Plaintiff claims that the incident caused her emotional distress for which she consulted a psychiatrist, Dr. Ira L. Fox, on a periodic basis between May 1992 and March 1993. She was scared and remained "a nervous wreck." She was afraid to leave work by herself and lived in constant fear of reprisal; she bought a bullet-proof vest. Plaintiff suffered from severe middle and nighttime insomnia; experiencing nightmares and flashbacks of the incident, she would wake up hourly and then have trouble falling back asleep. She also had mood changes and developed a psychiatric itch. Taylor told Dr. Fox that she had been losing her hair since the incident. Dr. Fox treated her with an anxiolytic, Ativan. He diagnosed her with "adjustment disorder with mixed emotional features" and later revised that diagnosis to "post-traumatic stress disorder." He concluded that her disorder was "directly related to and caused by the incident to her person when she was reportedly called a jungle bunny by Mr. Metzger." Although Dr. Fox determined that plaintiff still needed ongoing psychotherapy to deal with the emotional stress arising out of

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defendant's remark, plaintiff stopped seeing Dr. Fox in March 1993 because she could no longer afford the therapy.

The Law Against Discrimination (LAD), N.J.S.A. 10:5-1 to -42, prohibits discrimination "because of race, creed, color, national origin, ancestry, age, sex, affectional or sexual orientation, marital status, familial status, liability for service in the Armed Forces of the United States, or nationality." N.J.S.A. 10:5-3. The gravamen of the complaint filed by plaintiff against Metzger is the allegation that the racial comment he directed against her constituted racial harassment, an act of discrimination in violation of the LAD.

In Lehmann v. Toys 'R' Us, Inc., 132 N.J. 587, 626 A.2d 445 (1993), this Court formulated the basic standard for determining whether acts of harassment in the workplace constitute invidious discrimination in violation of the LAD. When a black plaintiff alleges racial harassment under the LAD, she must demonstrate that the defendant's "conduct (1) would not have occurred but for the employee's [race]; and [the conduct] was [706 A.2d 689] (2) severe or pervasive enough to make a(3) reasonable [African American] believe that (4) the conditions of employment are altered and the working environment is hostile or abusive." Id. at 603-04, 626 A.2d 445 (emphasis omitted).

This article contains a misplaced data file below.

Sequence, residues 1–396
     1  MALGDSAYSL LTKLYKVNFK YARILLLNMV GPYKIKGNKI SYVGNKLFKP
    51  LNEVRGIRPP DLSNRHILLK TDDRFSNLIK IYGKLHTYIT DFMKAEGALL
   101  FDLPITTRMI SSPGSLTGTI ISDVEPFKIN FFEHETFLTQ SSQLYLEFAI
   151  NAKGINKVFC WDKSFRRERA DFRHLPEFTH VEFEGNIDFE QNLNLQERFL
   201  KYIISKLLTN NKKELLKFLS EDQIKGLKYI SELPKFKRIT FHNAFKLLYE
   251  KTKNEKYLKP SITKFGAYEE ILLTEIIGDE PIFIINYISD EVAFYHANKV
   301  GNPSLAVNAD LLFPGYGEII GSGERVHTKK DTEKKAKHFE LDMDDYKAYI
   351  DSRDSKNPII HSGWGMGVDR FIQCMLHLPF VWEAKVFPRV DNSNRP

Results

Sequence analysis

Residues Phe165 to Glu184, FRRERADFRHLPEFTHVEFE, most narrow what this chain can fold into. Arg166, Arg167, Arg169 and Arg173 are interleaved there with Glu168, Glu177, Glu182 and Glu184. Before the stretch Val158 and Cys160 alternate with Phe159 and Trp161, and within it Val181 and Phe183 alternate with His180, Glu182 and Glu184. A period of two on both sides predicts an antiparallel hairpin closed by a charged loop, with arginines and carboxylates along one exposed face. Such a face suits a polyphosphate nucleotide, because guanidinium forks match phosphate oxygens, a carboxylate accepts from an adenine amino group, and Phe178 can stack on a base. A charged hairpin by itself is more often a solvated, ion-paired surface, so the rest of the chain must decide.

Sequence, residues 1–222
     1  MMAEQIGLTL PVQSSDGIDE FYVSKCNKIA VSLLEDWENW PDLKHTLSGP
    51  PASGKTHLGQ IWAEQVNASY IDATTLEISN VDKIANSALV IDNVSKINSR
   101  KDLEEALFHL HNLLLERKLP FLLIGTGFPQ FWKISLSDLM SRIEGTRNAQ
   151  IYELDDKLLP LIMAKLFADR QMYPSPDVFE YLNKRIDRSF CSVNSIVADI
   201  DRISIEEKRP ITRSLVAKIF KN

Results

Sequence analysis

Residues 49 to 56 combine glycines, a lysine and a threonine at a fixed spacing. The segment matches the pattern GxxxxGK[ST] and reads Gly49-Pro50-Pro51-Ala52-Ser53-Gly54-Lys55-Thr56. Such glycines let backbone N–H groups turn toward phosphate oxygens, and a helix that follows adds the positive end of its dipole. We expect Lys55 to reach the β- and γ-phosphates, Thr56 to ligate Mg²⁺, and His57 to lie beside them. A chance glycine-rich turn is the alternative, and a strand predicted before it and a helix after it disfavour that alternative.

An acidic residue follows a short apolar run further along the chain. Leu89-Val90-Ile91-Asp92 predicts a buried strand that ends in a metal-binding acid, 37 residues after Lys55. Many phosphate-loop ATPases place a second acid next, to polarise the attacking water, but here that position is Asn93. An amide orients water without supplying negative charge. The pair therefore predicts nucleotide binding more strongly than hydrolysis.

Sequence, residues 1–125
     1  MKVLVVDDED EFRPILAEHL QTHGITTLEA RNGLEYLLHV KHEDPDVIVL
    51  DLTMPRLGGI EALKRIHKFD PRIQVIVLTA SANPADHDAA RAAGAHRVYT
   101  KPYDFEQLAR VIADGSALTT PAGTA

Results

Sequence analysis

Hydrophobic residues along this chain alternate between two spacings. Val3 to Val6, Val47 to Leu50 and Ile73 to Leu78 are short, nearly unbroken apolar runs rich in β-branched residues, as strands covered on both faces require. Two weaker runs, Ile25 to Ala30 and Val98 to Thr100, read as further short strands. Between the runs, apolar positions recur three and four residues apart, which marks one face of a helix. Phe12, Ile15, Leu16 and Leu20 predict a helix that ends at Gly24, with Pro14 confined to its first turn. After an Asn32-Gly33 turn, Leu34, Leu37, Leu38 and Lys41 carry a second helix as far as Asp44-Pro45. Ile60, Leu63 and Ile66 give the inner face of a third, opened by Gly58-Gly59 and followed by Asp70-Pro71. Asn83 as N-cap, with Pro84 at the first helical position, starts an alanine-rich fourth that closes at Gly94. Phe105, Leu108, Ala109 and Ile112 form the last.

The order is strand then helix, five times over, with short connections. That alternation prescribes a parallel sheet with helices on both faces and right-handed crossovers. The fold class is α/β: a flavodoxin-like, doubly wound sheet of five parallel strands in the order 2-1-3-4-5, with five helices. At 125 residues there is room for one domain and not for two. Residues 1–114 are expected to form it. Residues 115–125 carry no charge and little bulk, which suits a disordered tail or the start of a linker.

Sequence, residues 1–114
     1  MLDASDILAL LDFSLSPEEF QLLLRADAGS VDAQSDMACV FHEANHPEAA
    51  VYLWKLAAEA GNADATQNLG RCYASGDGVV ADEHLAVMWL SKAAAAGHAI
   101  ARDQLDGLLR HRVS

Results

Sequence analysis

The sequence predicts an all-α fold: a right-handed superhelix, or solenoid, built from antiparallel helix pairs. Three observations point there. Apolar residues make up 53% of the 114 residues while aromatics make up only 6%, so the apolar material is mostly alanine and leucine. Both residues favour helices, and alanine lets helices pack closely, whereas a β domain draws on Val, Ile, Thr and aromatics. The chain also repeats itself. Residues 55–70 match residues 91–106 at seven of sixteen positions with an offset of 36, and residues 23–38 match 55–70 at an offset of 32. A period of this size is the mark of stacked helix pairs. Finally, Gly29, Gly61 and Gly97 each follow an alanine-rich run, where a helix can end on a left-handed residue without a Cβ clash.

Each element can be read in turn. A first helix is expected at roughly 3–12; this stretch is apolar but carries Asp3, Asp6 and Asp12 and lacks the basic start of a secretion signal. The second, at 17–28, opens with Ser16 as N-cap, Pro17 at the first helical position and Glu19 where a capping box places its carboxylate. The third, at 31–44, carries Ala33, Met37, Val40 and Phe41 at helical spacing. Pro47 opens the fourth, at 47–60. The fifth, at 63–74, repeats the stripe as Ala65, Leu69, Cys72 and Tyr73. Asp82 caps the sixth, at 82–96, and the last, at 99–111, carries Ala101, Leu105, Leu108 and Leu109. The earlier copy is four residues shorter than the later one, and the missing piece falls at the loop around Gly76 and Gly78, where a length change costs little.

The Court in Lehmann specifically adopted the "severe or pervasive" test as part of its comprehensive standard. Id. at 606-07, 626 A.2d 445. That test conforms to the standard for establishing workplace racial or gender harassment under federal Title VII law. See Meritor Sav. Bank v. Vinson, 477 U.S. 57, 67, 106 S.Ct. 2399, 2405, 91 L.Ed.2d 49, 60 (1986) (holding that in order to demonstrate hostile work environment, plaintiff must allege that unwelcome conduct was "sufficiently severe or pervasive to alter the conditions of employment and create an abusive work environment" (emphasis added)). In choosing its test, the Court clearly